Nearly forty years later, in 1983, Mr. Korematsu’s case was reopened, and on Nov. 10, 1983, the conviction was overturned. Judge Marilyn Hall Patel notably said, “It stands as a caution that, in times of international hostility and antagonisms, our institutions, legislative, executive and judicial, must be prepared to exercise their authority to protect all citizens from the petty fears and prejudices that are so easily aroused.”

Fast-forward six years. It’s already 1989, when my father co-finds the HLF, which becomes a prominent American Muslim charity that provides relief—through clothes, food, blankets and medicine—to Palestinians and other populations in desperate need. Then, in 1996, President Clinton signs the Anti-Terrorism and Effective Death Penalty Act, giving birth to the Material Support Statute, a law that in time would come under fire by civil libertarians for profiling and targeting Arab and Muslim Americans.

Two years later, in 1998, Clinton awards Mr. Korematsu with the Presidential Medal of Freedom, the highest citizen honor, condemning Mr. Korematsu’s persecution as a shameful moment in our history.

Three years later, the towers fall.

And President Bush declares a “War on Terror.”

In 2001, President Bush signs the Patriot Act, which strengthens the Material Support Statue. The law’s language is so vague that it gives prosecutors the authority to argue that humanitarian aid to designated terrorist organizations could be indirect, and therefore, a crime.

In my father’s case, he is charged with conspiring to give Material Support in the form of humanitarian aid to Palestinian distribution centers called zakat committees. Prosecutors admit the zakat committees on the indictment were not designated terrorist groups, but according to the indictment released in 2004, these zakat committees are “controlled by” or act “on behalf of” Hamas, which was designated in 1995. Their theory is that by providing charity to zakat committees, the HLF helped Hamas win the “hearts and minds” of the Palestinian people.

The HLF case was tried in 2007, lasting three months, and after 19 days of deliberations, the jury deadlocked on most counts. The judge declared a mistrial and the case was tried the following year.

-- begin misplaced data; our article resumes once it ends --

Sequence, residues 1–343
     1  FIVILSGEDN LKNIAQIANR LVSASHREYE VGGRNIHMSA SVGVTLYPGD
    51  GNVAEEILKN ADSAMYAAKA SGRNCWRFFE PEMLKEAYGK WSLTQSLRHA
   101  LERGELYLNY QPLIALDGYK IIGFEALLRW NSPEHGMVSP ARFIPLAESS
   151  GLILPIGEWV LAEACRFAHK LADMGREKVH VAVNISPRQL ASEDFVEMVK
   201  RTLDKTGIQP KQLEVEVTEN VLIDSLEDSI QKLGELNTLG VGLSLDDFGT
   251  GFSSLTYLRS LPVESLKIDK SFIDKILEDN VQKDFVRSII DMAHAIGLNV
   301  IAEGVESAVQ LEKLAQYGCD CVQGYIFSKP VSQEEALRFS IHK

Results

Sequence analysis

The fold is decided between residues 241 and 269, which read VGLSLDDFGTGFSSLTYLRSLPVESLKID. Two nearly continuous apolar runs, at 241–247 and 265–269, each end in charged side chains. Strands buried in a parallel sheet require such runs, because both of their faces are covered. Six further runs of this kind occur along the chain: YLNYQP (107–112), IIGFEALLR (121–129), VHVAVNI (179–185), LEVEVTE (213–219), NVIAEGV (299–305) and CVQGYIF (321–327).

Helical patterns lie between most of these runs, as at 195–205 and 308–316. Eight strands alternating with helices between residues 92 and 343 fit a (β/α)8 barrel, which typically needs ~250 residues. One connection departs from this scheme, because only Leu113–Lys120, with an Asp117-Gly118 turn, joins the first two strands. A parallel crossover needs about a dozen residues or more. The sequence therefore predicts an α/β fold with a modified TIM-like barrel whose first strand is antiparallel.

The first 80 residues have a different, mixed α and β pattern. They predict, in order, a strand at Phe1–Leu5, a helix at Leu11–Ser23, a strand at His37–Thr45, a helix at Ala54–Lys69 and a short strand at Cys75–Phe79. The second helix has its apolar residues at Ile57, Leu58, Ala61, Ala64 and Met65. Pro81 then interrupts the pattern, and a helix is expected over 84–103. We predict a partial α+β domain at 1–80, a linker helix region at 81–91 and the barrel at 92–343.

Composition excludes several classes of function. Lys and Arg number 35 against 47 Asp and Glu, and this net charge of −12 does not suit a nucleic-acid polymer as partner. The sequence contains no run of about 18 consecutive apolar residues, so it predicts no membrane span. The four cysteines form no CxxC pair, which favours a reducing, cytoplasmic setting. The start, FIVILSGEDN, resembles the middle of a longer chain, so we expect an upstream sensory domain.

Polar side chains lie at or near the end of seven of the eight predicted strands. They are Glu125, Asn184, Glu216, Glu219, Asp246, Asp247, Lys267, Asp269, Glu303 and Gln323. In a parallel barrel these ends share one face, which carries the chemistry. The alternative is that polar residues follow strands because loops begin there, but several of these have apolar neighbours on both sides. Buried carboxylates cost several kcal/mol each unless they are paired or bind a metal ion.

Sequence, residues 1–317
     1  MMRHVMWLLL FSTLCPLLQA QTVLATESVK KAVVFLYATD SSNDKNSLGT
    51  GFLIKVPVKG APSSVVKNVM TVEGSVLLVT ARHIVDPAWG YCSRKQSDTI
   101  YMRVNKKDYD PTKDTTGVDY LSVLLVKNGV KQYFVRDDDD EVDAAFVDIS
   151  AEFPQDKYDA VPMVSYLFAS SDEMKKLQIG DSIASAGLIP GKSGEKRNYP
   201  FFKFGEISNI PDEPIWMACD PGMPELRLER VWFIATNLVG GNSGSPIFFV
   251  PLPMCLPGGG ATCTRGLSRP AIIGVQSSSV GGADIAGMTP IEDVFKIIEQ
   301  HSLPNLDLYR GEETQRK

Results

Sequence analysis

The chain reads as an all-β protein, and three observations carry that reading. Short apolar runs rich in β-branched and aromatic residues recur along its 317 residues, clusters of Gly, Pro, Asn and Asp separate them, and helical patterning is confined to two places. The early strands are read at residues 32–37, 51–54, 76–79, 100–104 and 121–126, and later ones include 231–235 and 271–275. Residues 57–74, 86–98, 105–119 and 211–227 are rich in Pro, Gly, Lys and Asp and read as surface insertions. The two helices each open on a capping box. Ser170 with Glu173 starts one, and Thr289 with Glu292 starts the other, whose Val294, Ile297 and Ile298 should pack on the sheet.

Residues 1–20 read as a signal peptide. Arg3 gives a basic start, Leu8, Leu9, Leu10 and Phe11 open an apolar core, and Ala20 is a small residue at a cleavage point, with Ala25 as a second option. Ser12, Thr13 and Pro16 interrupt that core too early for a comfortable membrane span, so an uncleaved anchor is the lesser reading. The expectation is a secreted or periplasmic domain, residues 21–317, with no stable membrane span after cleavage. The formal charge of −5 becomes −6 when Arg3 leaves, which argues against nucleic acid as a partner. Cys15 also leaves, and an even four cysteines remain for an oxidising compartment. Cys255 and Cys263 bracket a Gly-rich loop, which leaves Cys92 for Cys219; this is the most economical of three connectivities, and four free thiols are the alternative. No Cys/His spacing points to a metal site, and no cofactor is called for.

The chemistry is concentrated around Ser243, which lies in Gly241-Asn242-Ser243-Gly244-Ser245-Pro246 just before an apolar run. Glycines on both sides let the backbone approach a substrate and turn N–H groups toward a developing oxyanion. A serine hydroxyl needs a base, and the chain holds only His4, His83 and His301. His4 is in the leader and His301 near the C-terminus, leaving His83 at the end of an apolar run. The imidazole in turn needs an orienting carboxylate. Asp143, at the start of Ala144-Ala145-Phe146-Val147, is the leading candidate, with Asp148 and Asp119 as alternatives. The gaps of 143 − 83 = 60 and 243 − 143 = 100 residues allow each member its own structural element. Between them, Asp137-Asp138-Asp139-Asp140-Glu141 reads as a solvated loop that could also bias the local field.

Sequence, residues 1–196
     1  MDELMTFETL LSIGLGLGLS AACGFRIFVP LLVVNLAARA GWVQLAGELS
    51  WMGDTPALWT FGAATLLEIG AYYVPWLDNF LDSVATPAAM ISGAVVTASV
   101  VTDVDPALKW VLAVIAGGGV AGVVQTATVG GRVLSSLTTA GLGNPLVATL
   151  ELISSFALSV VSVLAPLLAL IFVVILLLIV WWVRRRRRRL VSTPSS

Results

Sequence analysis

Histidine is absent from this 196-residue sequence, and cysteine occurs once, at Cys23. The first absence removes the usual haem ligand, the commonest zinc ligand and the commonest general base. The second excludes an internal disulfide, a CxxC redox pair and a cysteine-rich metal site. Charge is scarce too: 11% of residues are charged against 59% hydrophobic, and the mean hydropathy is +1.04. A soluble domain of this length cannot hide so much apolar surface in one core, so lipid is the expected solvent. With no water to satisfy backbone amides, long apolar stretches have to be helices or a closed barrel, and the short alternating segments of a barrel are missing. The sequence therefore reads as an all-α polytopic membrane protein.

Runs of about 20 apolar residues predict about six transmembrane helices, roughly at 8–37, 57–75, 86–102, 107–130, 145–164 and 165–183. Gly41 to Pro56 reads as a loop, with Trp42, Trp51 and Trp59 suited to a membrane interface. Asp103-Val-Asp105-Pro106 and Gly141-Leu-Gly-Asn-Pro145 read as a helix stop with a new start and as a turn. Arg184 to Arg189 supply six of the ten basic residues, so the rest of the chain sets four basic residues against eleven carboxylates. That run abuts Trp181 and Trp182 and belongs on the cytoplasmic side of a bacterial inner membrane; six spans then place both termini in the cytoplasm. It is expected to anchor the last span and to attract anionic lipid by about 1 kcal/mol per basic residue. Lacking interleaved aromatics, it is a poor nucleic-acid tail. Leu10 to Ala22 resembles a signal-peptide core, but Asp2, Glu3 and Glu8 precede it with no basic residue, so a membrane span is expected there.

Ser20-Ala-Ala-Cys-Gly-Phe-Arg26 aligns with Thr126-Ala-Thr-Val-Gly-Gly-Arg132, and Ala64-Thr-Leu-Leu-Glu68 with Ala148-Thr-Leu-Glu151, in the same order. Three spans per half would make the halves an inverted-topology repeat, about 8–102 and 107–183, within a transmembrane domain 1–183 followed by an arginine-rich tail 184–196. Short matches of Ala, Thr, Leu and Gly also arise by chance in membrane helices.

In 2008, after essentially the same arguments, the retrial ended with the jury returning all guilty verdicts, and in 2009, my father was sentenced to 65 years in prison, for essentially giving humanitarian aid to Palestinians.

In 2010, my father was transferred to a “Communications Management Unit” in Marion, Illinois—the aforementioned modern-day internment camp. The CMU received the nickname “Guantanamo North” by National Public Radio since two-thirds of its inmates are Middle Eastern or Muslim. The purpose of this prison—which has another branch in Terre Haute, Indiana—is to closely monitor inmates and limit their communications with their families, attorneys and the media. Thus, I only get to hear my father’s voice once every two weeks, for fifteen minutes. And our visitations take place behind an obtrusive Plexiglass wall.

My father and his co-defendants—now called the Holy Land Five—are in the final stages of the appeal as the oral arguments approach on Thursday. In the Fifth Circuit Court in New Orleans, defense attorneys will urge the panel of three justices to reverse the HLF convictions based on errors that took place in the trial process.

According to the appellate brief, there’s a major fact that undermines the prosecution’s claim that Hamas controlled the zakat committees: “The United States Agency for International Development—which had strict instructions not to deal with Hamas—provided funds over many years to zakat committees named in the indictment, including the Jenin, Nablus, and Qalqilia committees,” writes my father’s attorney, John Cline. He continues stating that in 2004, upon the release of the HLF indictment, “USAID provided $47,000 to the Qalqilia zakat committee.”

Furthermore, defense attorneys will argue that the district court:

a) Violated the right to due process by allowing a key witness to testify without providing his real name, thereby abusing my father’s right to confront his witness. They are referring to an Israeli intelligence officer who became the first person in U.S. history permitted to testify as an expert witness using a pseudonym.

b) Abused its discretion by allowing “inflammatory evidence of little or no probative value,” which included multiple scenes of suicide bombings.

c) Deviated from the sentencing guidelines when they sentenced my father to 65 years.

When putting the lawyerly language aside, human rights attorneys have deemed the HLF case as purely political, perpetrated by the Bush administration. Likewise, the decision to intern Japanese-Americans was based on “race prejudice, war hysteria and failure of political leadership,” according to a 1982 report by the Commission on Wartime Relocation and Internment of Civilians.

I can only hope that my father’s vindication won’t take 40 years as it did for Mr. Korematsu. Let us learn from our old wrongs.

Noor Elashi is a writer based in New York City. She holds a Creative Writing MFA from The New School.

This op-ed was inspired by a forward written by Karen Korematsu in the upcoming book, “Patriot Acts: Narratives of Post-9/11 Injustice,” which includes a chapter about Noor’s father. You can purchase a copy here.

This article was first published on CounterPunch and is reposted her with permission by the author.